An acrobat on skis
Besides Diethart, there is one other youngster from Austria who also deserves a special mention on the list of tournament surprises from the 21st century – a certain 13-year-old who made a famous double jump in Bischofshofen. His name is Thomas Thurnbichler.

The fans standing by the side of the slope couldn’t believe their eyes when, after a very short flight, instead of skiing on down, he jumped up again on the edge of the landing zone and managed to fly down as far as the construction point. He was greeted with thunderous applause and the journalists all flocked to interview him. He was regarded as a huge talent, but unfortunately, apart from a few successes as a junior, he was unable to achieve anything of note. His feat in 2003 turned out to be the most important jump of his life and when he finally completed his last jump, just eight years later, the moment passed almost unnoticed.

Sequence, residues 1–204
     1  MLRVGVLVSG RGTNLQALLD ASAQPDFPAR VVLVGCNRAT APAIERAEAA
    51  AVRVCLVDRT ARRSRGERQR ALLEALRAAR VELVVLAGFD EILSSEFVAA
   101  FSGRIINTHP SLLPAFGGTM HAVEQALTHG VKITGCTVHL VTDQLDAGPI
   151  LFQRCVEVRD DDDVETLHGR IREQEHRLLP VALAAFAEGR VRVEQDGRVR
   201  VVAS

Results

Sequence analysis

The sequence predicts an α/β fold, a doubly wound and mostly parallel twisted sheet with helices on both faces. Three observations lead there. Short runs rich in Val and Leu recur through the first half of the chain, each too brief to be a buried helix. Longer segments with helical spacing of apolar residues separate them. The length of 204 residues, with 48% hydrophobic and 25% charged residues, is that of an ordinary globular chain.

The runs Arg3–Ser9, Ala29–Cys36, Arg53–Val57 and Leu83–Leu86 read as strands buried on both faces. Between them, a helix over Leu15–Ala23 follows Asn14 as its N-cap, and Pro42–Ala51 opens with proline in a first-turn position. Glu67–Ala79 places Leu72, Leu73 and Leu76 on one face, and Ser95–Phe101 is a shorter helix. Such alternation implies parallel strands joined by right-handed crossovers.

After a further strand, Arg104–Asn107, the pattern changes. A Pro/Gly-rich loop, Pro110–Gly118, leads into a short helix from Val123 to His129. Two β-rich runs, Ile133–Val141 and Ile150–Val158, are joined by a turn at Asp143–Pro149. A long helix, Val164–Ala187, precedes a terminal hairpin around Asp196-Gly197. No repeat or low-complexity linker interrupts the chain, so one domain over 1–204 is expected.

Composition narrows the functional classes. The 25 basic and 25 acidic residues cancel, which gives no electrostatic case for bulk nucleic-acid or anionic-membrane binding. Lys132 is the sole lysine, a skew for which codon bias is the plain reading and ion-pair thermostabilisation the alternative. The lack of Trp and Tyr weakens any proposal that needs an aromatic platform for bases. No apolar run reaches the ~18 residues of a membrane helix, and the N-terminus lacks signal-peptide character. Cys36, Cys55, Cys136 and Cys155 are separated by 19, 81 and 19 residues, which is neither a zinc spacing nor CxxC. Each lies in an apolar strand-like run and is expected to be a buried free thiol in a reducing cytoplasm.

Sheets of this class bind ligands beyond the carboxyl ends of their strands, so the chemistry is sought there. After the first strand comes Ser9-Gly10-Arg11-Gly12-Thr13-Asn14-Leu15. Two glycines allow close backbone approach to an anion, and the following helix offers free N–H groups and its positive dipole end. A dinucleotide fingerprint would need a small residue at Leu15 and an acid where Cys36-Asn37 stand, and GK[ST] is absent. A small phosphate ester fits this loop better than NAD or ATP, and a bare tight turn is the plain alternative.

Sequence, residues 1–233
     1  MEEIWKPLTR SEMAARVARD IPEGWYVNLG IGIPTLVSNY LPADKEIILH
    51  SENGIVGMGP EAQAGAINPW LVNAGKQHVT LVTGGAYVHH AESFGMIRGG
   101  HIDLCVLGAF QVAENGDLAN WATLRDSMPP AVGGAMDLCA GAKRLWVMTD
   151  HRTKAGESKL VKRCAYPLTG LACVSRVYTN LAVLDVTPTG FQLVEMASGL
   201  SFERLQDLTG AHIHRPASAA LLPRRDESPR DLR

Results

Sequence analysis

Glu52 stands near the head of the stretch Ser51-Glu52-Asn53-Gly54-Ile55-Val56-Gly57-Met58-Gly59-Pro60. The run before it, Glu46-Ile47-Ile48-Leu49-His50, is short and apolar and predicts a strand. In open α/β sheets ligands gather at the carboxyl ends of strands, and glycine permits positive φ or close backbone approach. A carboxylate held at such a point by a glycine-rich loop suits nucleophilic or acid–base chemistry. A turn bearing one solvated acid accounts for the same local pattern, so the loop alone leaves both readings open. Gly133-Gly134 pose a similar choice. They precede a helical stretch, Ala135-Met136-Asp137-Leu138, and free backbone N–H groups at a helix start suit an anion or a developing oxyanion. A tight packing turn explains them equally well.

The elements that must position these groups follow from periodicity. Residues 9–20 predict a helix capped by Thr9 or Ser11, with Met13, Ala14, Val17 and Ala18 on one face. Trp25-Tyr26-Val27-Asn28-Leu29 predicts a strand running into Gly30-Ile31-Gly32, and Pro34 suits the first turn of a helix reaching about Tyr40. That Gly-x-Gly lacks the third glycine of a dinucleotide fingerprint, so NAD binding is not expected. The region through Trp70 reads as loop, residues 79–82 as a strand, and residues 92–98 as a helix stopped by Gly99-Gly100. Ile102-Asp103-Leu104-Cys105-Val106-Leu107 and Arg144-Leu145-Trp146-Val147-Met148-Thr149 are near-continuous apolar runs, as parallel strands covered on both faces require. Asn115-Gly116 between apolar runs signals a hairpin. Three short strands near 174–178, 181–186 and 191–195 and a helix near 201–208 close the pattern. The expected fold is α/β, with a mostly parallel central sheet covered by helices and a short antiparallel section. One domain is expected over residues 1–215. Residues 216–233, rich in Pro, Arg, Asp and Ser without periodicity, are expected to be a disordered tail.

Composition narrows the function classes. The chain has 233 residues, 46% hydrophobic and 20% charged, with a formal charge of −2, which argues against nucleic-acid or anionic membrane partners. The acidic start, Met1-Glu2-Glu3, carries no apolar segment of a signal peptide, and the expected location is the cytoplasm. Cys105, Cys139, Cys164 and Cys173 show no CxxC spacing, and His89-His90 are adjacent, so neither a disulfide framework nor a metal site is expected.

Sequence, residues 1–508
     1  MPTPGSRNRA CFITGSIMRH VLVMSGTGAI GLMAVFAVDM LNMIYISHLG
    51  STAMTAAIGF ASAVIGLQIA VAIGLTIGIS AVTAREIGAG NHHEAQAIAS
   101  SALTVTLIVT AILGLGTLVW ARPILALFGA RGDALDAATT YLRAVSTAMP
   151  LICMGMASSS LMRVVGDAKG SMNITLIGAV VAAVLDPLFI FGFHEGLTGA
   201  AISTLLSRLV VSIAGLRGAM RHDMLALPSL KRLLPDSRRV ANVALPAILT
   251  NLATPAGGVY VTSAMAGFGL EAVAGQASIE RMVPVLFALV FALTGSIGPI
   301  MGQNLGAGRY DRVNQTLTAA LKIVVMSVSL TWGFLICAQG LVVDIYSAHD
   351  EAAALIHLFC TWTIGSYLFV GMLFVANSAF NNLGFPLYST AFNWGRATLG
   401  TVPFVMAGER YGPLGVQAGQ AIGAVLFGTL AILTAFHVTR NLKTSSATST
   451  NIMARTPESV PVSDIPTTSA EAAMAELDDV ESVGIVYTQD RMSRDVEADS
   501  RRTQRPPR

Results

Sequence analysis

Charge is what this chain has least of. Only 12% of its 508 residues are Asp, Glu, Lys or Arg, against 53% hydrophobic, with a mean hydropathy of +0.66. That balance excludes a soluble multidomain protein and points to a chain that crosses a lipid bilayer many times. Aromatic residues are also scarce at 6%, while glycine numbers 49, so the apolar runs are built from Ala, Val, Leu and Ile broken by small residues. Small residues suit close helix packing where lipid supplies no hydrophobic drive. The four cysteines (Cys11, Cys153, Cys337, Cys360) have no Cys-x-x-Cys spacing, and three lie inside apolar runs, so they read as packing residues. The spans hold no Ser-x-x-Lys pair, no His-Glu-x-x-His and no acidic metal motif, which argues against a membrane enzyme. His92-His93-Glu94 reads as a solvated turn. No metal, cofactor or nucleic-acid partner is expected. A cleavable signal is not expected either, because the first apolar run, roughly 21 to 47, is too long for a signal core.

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How in 1966 a Pole stole the show

In 1966, Stanisław Marusarz became the biggest star of the Four Hills Tournament, even though he… was not entered for the competition.

There is probably not a single ski fan who would not remember the turn of 2000 and 2001. This is when Adam Malysz rose to stardom in the Four Hills Tournament. Although he was the first of our representatives to win this prestigious competition, the “Eagle from Wisła” was not the first Pole who went down in its history.
Stanisław Marusarz achieved it in 1966. The legendary ski jumper of the interwar period participated in the 14th edition of the German-Austrian competition as a guest of honour. He was supposed to be the life and soul of the party, talk about his career and enjoy watching his successors, but the role of the mascot did not suit him particularly well. He was watching his teammates (i.a. Józef Przybyła, Piotr Wala and Antoni Łaciak) perform and when a tournament caravan came from Oberstdorf to Garmisch-Partenkirchen, the Pole had a crazy idea.